An N epi layer 402 has been grown on a P substrate 400, and a P-type dopant, such as boron, has been implanted through the top surface of N epi layer 402 to form a P isolation region 404. Trenches 408A and 408B have been formed in N epi layer 402 on opposite sides of P region 404. Trenches 408A and 408B are filled with a dielectric material 406, which may be an oxide, nitride or multiple layers of different types of dielectrics.
During a thermal process, as the P-type dopant in isolation region 404 diffuses downward, trenches 408A and 408B act as barriers to the lateral spreading of the dopant. The diffusivity of the dopant is generally lower in dielectric material 406 than in N epi layer 402. This limits the lateral spreading of the dopant. In turn, the resulting increased concentration of P-type dopant between trenches 408A and 408B tends to increase the gradient of the dopant concentration in a vertical direction, and this tends to make the dopant diffuse downward more rapidly than if trenches were not present. Thus less thermal processing is necessary to achieve a given depth of diffusion.
In addition to reducing the time needed to perform isolation diffusion, the method allows a more narrow isolation feature size to be used without suffering the limitations of starved diffusion (an effect leading to undesirably shallower junctions than expected for a given amount of diffusion time). The onset of starved diffusion occurs later using trench-constrained diffusion because the lower diffusion rate laterally keeps the surface concentration and vertical gradient higher, causing vertical diffusion to proceed at a more rapid rate. Of course, the rate drops after the bottom of the junction reaches the bottom of the trench, but by then the diffusion rate has already slowed substantially anyway.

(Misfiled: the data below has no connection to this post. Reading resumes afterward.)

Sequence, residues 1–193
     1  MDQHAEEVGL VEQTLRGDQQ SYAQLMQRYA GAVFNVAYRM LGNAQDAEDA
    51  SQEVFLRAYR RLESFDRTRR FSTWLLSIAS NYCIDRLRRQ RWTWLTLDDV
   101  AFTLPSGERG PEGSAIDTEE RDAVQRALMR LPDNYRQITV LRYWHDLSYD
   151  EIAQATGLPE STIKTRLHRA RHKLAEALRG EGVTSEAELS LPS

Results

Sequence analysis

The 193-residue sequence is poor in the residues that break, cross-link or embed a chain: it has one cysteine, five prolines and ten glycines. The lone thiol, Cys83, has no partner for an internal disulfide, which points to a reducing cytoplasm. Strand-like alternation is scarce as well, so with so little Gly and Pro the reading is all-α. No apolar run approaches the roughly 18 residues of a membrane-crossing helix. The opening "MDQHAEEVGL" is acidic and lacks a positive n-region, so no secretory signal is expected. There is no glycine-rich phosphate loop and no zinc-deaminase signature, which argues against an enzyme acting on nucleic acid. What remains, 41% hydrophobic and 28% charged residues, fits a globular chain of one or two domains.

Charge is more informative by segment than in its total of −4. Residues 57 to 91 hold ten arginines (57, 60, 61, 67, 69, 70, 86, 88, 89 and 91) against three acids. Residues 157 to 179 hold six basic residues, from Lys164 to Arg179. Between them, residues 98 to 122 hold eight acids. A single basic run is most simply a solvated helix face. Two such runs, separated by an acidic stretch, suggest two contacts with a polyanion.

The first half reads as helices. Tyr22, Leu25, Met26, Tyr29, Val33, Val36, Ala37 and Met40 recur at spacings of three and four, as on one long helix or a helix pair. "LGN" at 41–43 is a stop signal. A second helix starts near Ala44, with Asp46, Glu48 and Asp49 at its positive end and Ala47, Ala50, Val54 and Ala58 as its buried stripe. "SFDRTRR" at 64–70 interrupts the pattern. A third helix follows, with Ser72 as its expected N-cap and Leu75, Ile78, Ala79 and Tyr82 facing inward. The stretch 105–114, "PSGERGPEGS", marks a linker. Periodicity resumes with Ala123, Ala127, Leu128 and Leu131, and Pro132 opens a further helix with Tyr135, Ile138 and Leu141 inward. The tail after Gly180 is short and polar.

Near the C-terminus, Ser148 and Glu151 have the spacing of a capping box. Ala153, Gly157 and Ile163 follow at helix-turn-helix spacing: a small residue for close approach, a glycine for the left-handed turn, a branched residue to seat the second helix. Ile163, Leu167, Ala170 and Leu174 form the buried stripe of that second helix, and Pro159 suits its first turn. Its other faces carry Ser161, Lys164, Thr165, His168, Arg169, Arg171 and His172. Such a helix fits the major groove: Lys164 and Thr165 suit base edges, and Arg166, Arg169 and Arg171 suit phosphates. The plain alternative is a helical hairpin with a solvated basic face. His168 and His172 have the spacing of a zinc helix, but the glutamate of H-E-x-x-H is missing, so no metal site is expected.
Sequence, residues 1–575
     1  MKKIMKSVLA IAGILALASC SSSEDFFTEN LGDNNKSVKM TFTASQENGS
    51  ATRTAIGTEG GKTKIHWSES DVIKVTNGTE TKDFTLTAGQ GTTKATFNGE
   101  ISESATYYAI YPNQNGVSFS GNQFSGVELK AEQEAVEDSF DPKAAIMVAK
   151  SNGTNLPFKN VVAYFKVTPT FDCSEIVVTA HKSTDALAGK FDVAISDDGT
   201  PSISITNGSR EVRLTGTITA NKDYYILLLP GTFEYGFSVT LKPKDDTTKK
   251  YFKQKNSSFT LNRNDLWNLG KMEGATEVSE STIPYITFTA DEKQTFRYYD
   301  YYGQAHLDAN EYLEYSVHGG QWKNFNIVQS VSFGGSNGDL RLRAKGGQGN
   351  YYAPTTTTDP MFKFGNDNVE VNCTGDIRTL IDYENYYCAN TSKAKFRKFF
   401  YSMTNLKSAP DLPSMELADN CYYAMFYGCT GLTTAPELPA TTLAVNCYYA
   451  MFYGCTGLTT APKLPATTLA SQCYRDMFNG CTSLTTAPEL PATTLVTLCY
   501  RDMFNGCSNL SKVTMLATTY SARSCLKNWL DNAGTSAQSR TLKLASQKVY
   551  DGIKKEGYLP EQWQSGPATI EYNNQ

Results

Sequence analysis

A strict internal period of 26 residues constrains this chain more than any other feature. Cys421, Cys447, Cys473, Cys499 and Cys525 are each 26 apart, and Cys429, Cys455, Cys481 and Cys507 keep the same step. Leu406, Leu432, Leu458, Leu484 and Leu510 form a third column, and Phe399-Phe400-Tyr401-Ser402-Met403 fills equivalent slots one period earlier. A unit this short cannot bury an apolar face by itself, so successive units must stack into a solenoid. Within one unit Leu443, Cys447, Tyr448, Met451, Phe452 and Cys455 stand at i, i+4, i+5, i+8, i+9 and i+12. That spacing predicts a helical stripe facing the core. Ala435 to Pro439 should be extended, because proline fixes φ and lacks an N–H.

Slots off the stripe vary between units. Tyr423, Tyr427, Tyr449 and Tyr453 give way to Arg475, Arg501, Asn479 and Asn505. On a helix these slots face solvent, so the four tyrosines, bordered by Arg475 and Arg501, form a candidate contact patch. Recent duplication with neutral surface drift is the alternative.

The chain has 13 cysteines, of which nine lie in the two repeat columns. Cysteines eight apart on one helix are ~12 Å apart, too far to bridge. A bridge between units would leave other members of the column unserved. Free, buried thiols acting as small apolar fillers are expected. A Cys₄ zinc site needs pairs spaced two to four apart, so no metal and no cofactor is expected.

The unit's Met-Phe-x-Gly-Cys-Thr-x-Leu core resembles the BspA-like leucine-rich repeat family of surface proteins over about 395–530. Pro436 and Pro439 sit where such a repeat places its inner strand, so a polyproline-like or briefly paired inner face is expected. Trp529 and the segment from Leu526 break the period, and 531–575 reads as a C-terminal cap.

In the process as described, the dopant is introduced near the surface using conventional low energy implants, e.g. under 140 keV, having an implant dose which may range from 5E12 cm−2 to 5E15 cm−2 (but more typically in the range of 2E13 cm−2 to 2E14 cm−2), or formed by predeposition (doped from a high temperature diffusion in the presence of a gaseous or solid dopant source). The junction depth prior to diffusion is commonly less than 0.5 μm.
Alternatively, the implant may be formed at a deeper depth initially, e.g. with its peak concentration located 0.5 to 2.0 μm into the silicon, before any high temperature diffusion time. Deeper implants need less diffusion time to reach their full targeted depth, but require the use of high-energy (i.e. million volt) ion implantation. Implant energies range from 300 keV up to 3 MeV, with implants of 1 MeV to 2 MeV generally being preferable for achieving high manufacturing throughput. The thickness of photoresist needed to block the implant from other areas must be increased accordingly, typically to a thickness of 2 to 4 μm.
Isolation diffusion as a rule needs to be performed to a junction depth deeper than the epitaxial layer being isolated, and generally no less than 120% of the epi thickness to guarantee that variations in the thickness of the epi layer do not lead to incomplete isolation (meaning the ion implant does not overlap onto the substrate). For a 4 μm layer a diffusion depth of 4.8 μm to 5.2 μm is common. Such diffusions may be performed at 1050° C. to 1200° C. but more preferably at 1100° C. to 1150° C. to maximize the diffusion rate without damaging the diffusion furnaces and causing wafer warpage.